My third trip to Turkey, and to Izmir, the first one without Nur. I feels strange. I feels familiar. Nadiye met me at Izban station and when to her home.
Some legal stuff in the morning, then walked to the bay and sat to think. A voice said hope on a dolmus and go ‘home.’ I walked back and got the keys, took my 2.5 TL and went to stand in the street to hop on the minibus to Bornova, I looked out the window and watch the familiar and exotic scene. I saw the grocery store and knew it was my stop. I walked the 100 meters to Nur’s home, our home.
Should this be my home?
Will I be the last American to move to Turkey? I find so many friends and family it seems strange not to be here. Nur and I were going to travel more. Without her there is not as much of US to be seen. Once I have seen Yellowstone and Denali I’m done with north america.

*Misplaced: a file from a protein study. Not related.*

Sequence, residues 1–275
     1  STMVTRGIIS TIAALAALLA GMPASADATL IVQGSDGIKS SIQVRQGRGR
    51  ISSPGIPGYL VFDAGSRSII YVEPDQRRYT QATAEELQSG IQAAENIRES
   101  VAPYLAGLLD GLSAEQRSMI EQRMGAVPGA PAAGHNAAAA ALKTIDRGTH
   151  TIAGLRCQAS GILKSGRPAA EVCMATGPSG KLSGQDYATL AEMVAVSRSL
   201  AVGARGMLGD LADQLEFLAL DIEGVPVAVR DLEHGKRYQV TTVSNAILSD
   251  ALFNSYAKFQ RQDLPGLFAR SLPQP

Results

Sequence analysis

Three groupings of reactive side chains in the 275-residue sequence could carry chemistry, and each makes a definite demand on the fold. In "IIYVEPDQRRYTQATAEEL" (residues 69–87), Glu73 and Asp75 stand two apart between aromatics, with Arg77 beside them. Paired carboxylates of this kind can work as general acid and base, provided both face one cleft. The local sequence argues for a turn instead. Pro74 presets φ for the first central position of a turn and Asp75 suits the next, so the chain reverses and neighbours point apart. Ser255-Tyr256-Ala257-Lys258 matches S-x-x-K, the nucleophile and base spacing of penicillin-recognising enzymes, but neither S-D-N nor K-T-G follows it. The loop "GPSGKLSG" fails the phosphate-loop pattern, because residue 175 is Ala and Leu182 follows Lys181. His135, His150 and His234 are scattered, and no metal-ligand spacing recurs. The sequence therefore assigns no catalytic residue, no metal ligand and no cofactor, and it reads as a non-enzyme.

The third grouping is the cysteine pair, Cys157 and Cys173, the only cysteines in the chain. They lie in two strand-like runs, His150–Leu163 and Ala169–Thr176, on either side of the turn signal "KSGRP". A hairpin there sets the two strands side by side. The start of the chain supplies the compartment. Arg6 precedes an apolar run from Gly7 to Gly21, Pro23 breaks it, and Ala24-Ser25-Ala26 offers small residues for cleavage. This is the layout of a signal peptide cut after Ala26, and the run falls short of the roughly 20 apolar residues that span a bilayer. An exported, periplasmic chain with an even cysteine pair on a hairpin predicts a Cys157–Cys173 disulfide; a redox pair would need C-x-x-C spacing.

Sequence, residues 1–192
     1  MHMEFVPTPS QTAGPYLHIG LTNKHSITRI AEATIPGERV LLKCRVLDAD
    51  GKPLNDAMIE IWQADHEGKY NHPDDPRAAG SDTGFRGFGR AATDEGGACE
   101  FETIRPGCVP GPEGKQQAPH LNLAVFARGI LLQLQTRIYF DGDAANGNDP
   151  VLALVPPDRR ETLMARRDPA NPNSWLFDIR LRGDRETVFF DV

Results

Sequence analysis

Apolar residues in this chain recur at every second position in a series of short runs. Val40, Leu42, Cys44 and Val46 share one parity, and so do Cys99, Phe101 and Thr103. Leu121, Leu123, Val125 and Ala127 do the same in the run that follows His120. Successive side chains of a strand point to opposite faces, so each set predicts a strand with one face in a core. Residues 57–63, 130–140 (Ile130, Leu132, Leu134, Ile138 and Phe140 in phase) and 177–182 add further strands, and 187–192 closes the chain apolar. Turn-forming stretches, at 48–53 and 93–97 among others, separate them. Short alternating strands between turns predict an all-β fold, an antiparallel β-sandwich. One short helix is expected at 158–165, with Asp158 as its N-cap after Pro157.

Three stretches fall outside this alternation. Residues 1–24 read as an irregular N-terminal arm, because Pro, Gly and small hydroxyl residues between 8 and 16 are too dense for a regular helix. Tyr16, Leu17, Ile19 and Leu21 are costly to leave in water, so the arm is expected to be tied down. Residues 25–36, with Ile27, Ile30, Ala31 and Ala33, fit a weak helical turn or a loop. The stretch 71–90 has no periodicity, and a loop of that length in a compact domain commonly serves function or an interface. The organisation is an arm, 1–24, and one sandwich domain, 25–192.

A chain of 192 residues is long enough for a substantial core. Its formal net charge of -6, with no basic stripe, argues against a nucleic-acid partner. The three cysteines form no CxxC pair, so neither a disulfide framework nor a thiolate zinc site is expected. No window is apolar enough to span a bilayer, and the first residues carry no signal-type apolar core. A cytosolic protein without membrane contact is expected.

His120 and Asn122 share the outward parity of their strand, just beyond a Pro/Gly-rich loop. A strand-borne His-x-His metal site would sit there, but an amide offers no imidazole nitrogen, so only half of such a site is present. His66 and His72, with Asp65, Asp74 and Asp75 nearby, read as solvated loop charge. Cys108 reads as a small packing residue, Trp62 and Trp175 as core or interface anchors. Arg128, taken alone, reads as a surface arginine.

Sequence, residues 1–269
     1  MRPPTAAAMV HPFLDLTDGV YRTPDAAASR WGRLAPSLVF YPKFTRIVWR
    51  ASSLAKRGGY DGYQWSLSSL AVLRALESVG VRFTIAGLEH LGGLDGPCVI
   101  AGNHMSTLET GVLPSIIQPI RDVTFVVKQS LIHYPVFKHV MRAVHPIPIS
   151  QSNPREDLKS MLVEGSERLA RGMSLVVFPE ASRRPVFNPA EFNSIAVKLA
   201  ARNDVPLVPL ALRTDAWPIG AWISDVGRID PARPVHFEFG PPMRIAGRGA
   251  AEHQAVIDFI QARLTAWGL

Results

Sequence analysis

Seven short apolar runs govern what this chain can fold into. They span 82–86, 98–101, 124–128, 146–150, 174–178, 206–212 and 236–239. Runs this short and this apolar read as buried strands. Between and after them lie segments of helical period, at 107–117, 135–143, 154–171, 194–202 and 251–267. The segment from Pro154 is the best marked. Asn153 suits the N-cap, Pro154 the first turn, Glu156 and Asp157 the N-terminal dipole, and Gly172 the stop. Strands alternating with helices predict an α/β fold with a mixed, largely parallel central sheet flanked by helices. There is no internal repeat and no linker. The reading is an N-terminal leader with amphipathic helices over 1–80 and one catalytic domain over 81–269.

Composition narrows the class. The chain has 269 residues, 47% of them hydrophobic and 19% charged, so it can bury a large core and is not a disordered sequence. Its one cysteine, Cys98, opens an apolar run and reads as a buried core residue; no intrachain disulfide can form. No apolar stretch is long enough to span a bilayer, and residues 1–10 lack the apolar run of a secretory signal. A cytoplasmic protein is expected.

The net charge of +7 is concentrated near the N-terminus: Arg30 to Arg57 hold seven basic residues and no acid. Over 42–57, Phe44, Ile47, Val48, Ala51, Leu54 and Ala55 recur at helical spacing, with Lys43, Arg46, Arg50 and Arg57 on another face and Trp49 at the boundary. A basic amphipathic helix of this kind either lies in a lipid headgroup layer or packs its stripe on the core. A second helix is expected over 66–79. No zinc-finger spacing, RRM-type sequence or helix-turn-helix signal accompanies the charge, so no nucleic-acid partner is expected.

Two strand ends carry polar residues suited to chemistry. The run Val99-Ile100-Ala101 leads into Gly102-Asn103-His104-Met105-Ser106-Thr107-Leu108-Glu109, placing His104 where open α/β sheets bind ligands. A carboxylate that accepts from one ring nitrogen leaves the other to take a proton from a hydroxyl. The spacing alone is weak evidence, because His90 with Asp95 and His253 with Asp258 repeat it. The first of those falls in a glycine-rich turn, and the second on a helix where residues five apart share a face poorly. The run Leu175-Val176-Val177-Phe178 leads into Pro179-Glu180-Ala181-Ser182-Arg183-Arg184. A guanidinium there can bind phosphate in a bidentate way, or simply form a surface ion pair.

Turkey has the challenge of being a new language and culture I have the gift of now being 1/2 into this world, I feels like a opening up of self ,to get out and see something new. I wonder if I’m doing just what Nur did when Steve died? Leave the country. Only this time I’m going the other way.
So I’m trying this living in Turkey for a bit, Istanbul was great fun, but is so big. Izmir is easy for me to manage on my own. Airport Metro, izban, buses, dolmas , bike run — I’m fully mobile. The market, bakal , and restaurants all are within my capability. Basic communication is ok, Now can I navigate more difficult conversations and get to a point of have meaningful dialog?
How does this compare with living in america, staying in Portland?
I know living it Turkey for a few years would be a much better story to tell.